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Thailand Rejects Foreign Election Monitors

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webfact    24,332

Thailand rejects foreign election monitors

thaug.afp.jpg

Suthep: "I don't respect 'farangs'. We

do not have to surrender to them"

BANGKOK, March 24, 2011 (AFP) - Thailand on Thursday dismissed suggestions that foreign observers were needed to monitor its upcoming election, with the deputy prime minister saying he does "not respect" Westerners.

It would be "inappropriate" to allow outside involvement in the poll, which is due in June or July and comes after deadly street protests last year, said Suthep Thaugsuban.

"I don't respect 'farangs'. We do not have to surrender to them," he said, using the Thai word for "Westerners".

Anti-government "Red Shirts" have recently called for international observers to be present.

"I am surprised that Red Shirts do not respect our country's sovereignty... I don't understand why they constantly call for foreign involvement, it is inappropriate," Suthep told reporters.

Thailand has never officially allowed monitors to operate in polling stations during its elections, but the Asian Network for Free Elections (ANFREL) has been allowed to work in the country during the last two votes.

"It is true they do not allow the monitors to enter (polling stations) but we observe from outside, it's quite easy," said executive director Somsri Hananuntasuk.

She said she was "surprised" at Suthep's comments, adding that other members of the ruling Democrat party, including Prime Minister Abhisit Vejjajiva "welcomes international observers".

Thailand is struggling to recover from mass Bangkok rallies by the Reds, in which more than 90 people died in clashes between troops and protesters in April and May last year. It was the worst political violence in decades.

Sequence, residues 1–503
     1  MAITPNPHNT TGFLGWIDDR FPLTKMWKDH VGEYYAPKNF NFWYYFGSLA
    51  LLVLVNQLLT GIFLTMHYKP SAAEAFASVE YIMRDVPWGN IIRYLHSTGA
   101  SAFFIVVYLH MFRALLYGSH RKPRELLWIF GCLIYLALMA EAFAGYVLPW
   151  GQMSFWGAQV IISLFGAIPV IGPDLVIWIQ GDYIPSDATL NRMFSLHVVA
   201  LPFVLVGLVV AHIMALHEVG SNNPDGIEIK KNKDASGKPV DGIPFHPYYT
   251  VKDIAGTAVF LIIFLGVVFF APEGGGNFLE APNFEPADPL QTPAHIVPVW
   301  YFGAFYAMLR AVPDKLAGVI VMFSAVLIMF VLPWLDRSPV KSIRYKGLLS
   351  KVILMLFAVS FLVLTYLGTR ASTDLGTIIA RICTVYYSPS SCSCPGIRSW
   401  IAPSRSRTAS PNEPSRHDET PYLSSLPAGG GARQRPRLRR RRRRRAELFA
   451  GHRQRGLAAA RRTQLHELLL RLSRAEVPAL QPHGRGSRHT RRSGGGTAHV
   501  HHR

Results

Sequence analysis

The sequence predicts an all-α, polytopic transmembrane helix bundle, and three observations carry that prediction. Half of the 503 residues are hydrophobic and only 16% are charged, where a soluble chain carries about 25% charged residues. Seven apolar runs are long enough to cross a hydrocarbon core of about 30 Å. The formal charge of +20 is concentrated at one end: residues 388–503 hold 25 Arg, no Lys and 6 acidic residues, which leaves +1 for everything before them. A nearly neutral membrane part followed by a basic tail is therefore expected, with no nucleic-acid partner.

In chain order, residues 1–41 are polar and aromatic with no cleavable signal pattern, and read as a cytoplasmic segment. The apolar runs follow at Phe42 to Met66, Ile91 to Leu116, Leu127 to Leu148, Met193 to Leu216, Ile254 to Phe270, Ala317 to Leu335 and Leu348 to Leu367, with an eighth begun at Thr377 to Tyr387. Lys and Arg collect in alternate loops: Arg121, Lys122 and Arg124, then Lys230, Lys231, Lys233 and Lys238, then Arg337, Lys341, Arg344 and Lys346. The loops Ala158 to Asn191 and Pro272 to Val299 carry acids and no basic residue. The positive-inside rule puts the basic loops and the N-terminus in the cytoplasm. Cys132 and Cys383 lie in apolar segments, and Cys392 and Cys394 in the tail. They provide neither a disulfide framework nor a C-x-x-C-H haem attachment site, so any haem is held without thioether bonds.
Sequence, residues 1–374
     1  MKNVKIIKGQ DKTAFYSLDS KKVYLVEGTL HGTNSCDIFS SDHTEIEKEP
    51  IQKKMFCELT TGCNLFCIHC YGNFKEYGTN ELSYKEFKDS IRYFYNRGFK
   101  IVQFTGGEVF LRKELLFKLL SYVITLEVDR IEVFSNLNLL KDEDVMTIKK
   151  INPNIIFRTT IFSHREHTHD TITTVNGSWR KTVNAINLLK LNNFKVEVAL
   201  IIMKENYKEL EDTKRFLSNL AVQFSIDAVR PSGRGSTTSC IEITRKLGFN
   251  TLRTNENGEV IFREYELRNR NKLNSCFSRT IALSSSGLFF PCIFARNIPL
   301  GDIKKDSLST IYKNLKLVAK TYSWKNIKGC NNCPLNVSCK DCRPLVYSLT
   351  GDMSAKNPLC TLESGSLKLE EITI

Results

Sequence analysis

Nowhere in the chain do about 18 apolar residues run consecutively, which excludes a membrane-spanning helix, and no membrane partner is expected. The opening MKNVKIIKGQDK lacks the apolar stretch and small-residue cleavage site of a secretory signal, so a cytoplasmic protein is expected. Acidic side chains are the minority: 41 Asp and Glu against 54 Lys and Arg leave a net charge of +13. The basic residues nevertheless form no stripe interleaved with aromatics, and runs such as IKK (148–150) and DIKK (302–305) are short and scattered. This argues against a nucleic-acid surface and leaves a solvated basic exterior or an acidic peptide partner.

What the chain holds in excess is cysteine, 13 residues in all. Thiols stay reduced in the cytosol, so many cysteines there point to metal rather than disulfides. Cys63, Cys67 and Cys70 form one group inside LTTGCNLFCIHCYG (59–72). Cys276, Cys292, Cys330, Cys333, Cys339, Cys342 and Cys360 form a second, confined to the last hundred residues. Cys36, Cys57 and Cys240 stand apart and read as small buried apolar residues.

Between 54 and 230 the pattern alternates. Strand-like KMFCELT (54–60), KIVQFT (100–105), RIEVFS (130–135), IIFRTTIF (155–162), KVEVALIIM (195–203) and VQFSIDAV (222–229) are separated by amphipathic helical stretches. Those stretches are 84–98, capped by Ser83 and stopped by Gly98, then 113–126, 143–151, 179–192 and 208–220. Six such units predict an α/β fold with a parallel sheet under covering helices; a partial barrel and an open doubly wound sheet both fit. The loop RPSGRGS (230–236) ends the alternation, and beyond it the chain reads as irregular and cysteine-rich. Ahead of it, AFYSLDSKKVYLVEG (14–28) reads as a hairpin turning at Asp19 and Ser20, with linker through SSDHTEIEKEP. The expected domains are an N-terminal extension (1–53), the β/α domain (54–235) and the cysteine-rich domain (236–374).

The kingdom has suffered years of political instability, punctuated by unrest and military intervention, seeing 18 actual or attempted coups since 1932 when the country became a constitutional monarchy.

Commentators believe the upcoming poll is likely to highlight the country's divisions.

The elected prime minister Thaksin Shinawatra, a hero to many in the Red Shirt movement, was ousted in a coup in 2006, sparking ongoing political turmoil.

Abhisit's government is seen as undemocratic by the Reds as it came to power in an army-backed 2008 parliamentary vote after a court ruling threw out the previous administration, made up of Thaksin allies who had won an election.

Thailand, known as the "Land of Smiles", is usually regarded as friendly to foreigners.

According to Abhisit the kingdom received 15.8 million overseas tourists last year and the sector generated 585 billion baht ($19 billion), or 7 percent of economic output.

afplogo.jpg

-- (c) Copyright AFP 2011-03-24

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Insight    291

Suthep's comments might seem a bit harsh and inappropriate (they are!), but if you ask any Thai - who isn't an ardent red shirt - how they feel about foreign election monitors, you'll probably get a similar response!

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appropriate    6

Reading some of my young Thai niece's schoolbooks it's no wonder they end up which such a twisted xenophobic view of reality. Taught (indoctrinated) from a very young age how special the Thai people are compared to everyone else. :(

Such a pity that such a beautiful country has such a high % of simpleminded fools populating it.

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londonthai    943

monitors don't have to be "the westerners", they might be from asean or from any other country in the world.

as suthep does not respect westerners, than equally the westerners should not respect this corrupt and ignorant military put government.

decline all proposal for observers - the right step to stay put in an authoritarian form of government thailand always was.

anyway, general elections are sham and show for the poor, if there is no an alternative political force to the present socio-economic system

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appropriate    6